It is very important to point out that the U.S. Congressional investigation is based on a few isolated incidents of concern – see HRN “U.S. Congress to investigate shale gas “fracking” process”. Calmer heads need to prevail here, and it is important to focus on the fact that technology has and will continue to improve and do so with minimal environmental impact. Successful solution always evolve and improve. Its what makes commerce work.

If Obama does ban shale gas drilling (not likely, some form of regulation is more likely which may prove to be just as disastrous for the U.S. natural gas  industry and economy) the economic and geopolitical opportunities and impact are significant and far reaching.

First, the shale gas boom in North America has been made possible because of technology development in horizontal drilling and fracking. Like any technology it has been improved over a number of years, and continues to be improved. Today, the technology has reached some point of standardization whereby others are also able to incorporate it into their drilling processes and it is being exported and used in other markets. It is only a matter of another year or so when we will start to hear about massive shale gas plays being discovered in other countries providing cleaner domestic natural gas resources to those countries. HRN has discussed how these new discoveries will have significant geopolitical impact. Specifically in the EU where new supplies of natural gas within the EU will reduce the political clout that Russia uses as a tool to influence the eastern EU. A reduction in this Russian influence should not go unnoticed by the U.S.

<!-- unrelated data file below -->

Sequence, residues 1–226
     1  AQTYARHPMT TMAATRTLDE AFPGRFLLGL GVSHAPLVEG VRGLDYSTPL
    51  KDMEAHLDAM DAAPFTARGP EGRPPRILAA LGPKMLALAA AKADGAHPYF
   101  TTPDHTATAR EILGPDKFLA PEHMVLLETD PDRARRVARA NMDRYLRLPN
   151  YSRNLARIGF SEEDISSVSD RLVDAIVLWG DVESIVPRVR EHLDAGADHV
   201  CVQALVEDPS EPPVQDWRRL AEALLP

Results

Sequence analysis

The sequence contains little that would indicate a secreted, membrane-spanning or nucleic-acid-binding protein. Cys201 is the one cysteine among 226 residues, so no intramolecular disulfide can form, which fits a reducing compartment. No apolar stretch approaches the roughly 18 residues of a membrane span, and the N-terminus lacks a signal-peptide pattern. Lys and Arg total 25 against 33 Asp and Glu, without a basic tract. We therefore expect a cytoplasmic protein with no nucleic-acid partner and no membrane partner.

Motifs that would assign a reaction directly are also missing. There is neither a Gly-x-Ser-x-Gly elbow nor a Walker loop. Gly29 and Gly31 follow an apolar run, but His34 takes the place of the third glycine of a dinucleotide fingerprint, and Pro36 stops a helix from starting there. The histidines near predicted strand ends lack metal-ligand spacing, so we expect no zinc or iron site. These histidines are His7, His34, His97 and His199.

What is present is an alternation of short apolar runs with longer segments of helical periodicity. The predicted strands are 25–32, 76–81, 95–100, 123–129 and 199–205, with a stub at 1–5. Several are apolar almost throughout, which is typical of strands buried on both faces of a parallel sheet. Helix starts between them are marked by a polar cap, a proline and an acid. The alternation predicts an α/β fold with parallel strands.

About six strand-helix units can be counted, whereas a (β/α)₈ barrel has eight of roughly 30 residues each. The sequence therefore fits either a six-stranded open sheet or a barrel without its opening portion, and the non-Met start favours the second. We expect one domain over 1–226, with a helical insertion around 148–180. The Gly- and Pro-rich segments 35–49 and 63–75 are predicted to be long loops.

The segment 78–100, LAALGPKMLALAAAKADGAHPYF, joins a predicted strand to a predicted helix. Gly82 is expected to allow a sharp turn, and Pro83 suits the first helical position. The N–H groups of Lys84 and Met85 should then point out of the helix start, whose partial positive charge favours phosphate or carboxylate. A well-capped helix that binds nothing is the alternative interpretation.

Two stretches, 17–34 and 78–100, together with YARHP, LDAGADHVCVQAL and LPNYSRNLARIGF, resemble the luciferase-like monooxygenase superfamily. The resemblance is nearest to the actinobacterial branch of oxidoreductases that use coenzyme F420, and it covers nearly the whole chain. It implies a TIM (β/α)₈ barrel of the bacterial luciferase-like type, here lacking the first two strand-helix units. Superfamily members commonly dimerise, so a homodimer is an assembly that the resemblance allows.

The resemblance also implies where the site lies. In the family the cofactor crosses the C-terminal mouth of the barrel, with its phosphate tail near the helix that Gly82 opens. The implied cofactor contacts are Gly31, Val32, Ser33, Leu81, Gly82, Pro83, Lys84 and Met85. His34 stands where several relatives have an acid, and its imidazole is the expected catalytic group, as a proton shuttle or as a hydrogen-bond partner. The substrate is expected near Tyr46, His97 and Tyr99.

However, it is the economic impact – or perhaps lost opportunity – that should be of greater concern to the U.S. Last year nearly $265 Billion left the U.S. economy to purchase foreign oil. This unsustainable dependence on foreign energy and massive export of capital is simply the key point behind T. Boone Pickens’ Plan. This critical problem is magnified when the price of oil increases, and all indications are that prices will appreciate over the long term. Cheap oil energy is a thing of the past. New energy sources from renewable technologies like solar, wind, geothermal etc are required. But all these sources require energy to build, and that energy comes from fossil fuels. What the U.S. and others need to consider, is using the cleanest fossil fuel available… and that is natural gas. By increasing the amount of natural gas used in the overall energy mix, and reducing oil and coal, Canada and the U.S. will reduce carbon emissions while meeting their energy needs from domestically available resources.